Thanks to everyone who submitted a proposal!
Look for your inviation to review in one week.
Past Achievements, Present Successes, Future Aspirations:
25 Years of NAME
Conference Dates: October 1-4, 2015
(pre-conference events on Sept. 30)
Conference Location: Sheraton New Orleans
500 Canal Street, New Orleans, Louisiana
NAME 2015 Conference Keynotes include:
Cornel Pewewardy, NAME Founding Member and Professor, Portland State University
Geneva Gay, Author and Professor, University of Washington-Seattle
Sonia Nieto, Author and Professor Emerita, Univiersity of Massachusetts-Amherst
Estela Matriano, NAME Founding Board Member, Professor Alliant International University, Shirley Hufstedler School of Education
In 1990, NAME was founded by a group of individuals that came together united by passion and vision for multicultural education to create an organization that would celebrate diversity, as well as challenge the existing social inequities. It has been the legacy of NAME to be an advocate for social justice issues in education.
NAME has been nationally recognized as one of the premier organizations focusing on social justice issues for all individuals and groups. NAME serves as a forum for scholars, practitioners, and students in both global and national origins to discuss their concerns regarding human relations. Additionally, NAME is a public voice and political advocate in many issues involving social inequalities.
The past achievements in multicultural education should not remain unnoticed. It is in these achievements that we as social justice practitioners find the courage and motivation to keep standing up for those who are marginalized. Likewise, the recognition of the ongoing struggle and successes is crucial in order to inspire current and future generations by sharing ideas and strategies that will enable the practice of multiculturalism. The diversity in the United States solidifies the necessity of a society willing to practice multiculturalism.
Because we live in an increasingly globalized community, multicultural education is becoming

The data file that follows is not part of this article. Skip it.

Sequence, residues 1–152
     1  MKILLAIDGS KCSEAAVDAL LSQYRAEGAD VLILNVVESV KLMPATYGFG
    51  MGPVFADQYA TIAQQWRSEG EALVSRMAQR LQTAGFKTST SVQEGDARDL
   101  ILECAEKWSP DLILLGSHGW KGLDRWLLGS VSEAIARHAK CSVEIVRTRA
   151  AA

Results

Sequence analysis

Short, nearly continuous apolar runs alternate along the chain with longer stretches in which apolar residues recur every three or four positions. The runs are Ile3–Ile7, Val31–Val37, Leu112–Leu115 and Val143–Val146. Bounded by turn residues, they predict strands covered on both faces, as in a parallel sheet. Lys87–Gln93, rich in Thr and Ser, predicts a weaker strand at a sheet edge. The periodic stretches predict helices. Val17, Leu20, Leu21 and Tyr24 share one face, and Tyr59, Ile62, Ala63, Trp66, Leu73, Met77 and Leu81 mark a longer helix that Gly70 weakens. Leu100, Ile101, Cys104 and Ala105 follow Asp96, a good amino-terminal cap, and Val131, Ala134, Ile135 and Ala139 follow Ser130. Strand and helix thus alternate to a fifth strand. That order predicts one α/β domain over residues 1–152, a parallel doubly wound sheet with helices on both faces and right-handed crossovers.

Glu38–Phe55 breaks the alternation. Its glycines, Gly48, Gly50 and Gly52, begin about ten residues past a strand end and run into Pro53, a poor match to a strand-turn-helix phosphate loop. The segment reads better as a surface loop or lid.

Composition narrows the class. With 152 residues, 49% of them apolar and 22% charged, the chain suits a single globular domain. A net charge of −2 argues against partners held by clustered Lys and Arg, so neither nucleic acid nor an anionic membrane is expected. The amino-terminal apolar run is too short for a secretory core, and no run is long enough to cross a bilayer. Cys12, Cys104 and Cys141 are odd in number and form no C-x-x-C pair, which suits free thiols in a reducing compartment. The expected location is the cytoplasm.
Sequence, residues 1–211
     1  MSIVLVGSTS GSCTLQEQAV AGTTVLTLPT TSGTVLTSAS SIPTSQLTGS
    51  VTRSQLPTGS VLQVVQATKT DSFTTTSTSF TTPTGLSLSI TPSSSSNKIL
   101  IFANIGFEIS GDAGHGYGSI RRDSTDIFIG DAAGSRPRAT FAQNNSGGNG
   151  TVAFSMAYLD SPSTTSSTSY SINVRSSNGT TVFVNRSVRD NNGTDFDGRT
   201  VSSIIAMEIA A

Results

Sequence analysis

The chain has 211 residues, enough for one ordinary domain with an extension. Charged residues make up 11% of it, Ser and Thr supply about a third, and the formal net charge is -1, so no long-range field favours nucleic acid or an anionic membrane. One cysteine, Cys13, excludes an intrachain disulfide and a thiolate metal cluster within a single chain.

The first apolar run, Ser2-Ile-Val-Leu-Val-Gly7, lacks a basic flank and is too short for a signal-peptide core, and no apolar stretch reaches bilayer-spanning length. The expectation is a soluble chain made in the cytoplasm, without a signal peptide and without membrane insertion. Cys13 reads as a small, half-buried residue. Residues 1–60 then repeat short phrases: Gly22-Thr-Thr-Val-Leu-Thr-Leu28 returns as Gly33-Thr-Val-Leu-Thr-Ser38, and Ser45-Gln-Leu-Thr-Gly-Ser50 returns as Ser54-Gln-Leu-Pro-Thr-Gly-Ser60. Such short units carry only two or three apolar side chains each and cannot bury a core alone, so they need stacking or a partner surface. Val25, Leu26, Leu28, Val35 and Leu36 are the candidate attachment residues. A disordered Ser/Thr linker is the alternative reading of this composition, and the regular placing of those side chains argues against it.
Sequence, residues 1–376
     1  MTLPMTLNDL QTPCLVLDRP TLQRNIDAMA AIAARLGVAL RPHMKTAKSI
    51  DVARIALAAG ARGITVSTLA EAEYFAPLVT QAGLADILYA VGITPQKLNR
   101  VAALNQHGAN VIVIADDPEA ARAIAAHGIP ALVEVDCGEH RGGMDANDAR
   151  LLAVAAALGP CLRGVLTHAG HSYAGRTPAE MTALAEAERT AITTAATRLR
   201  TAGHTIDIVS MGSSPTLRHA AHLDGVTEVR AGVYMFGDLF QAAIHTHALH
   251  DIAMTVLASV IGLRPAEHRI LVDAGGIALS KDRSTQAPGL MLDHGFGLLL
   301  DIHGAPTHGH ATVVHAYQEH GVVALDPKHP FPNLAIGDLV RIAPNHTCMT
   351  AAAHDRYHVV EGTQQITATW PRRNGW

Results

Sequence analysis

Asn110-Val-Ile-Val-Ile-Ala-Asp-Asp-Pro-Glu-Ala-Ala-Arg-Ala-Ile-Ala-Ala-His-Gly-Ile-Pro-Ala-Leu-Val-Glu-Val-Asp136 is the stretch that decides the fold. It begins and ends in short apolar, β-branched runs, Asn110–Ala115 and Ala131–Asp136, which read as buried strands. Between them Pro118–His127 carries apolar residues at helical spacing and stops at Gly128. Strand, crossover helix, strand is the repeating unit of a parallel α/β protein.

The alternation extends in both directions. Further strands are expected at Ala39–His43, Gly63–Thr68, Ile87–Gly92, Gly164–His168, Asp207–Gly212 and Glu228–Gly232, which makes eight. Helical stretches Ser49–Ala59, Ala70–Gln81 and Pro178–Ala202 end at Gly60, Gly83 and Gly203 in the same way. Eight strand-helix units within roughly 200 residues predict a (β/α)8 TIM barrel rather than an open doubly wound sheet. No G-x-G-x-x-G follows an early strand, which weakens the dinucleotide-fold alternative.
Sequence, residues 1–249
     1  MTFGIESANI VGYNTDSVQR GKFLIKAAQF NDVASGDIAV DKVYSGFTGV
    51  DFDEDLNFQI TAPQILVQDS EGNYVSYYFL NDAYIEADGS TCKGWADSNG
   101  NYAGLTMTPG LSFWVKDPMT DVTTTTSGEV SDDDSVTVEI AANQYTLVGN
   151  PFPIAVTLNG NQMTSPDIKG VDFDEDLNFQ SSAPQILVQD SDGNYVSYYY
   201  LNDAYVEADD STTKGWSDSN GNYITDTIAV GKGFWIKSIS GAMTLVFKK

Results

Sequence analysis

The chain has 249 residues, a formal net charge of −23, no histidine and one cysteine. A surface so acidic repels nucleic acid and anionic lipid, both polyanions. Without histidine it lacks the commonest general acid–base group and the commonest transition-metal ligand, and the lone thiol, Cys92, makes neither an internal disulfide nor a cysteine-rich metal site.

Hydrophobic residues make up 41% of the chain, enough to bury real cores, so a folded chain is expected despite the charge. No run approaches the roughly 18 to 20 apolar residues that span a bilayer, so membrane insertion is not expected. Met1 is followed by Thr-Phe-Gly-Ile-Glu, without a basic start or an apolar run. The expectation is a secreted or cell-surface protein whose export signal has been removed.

more and more of a foundational knowledge. Although discussions within the schools’ curriculum have yet to include the exploitation, slavery and killing of marginalized individuals, these individuals are realizing that the injustices they are suffering will not allow them to continue into the future. Furthermore, the humanness of our society is being challenged more than ever, as it has been somewhat forgotten. Unfortunately, people do not know how to relate to one another. We still have not met the challenge of our past history as we still witness the lack of humanity in our society. Nevertheless, to ignore the positive impacts in our society, due to the vision of NAME transformed into actions, would not be fair to those who day by day commit themselves to wrestle against an unjust system. Thus, in this NAME 2015 conference, we aim at celebrating the courage and hard work of the practitioners by recognizing the past and ongoing events that give life to the vision of NAME.
Multicultural education is timeless. There is an organic relationship between the past, present, and future that cannot be ignored, because they all inform each other to evolve our NAME vision. This translates to a greater vision for a society of equity and revolutionized education. Therefore, learning from the past, celebrating the present, and ambitioning a better future, in multiculturalism, but not limited to the organization, are the basic keys for this NAME 2015 conference. Although the battle for social justice has been taking place for more than 25 years, the struggle and the passion should not subside as long as the inequities are still present. However, the praise of achievements, successes and aspirations are necessary to evaluate and celebrate where we are now as ambassadors of multiculturalism. We look forward to learn from multiple areas within social justice, and be challenged in our ways of thinking as we deconstruct our ideologies and welcome a variety of social identities from within and outside our communities.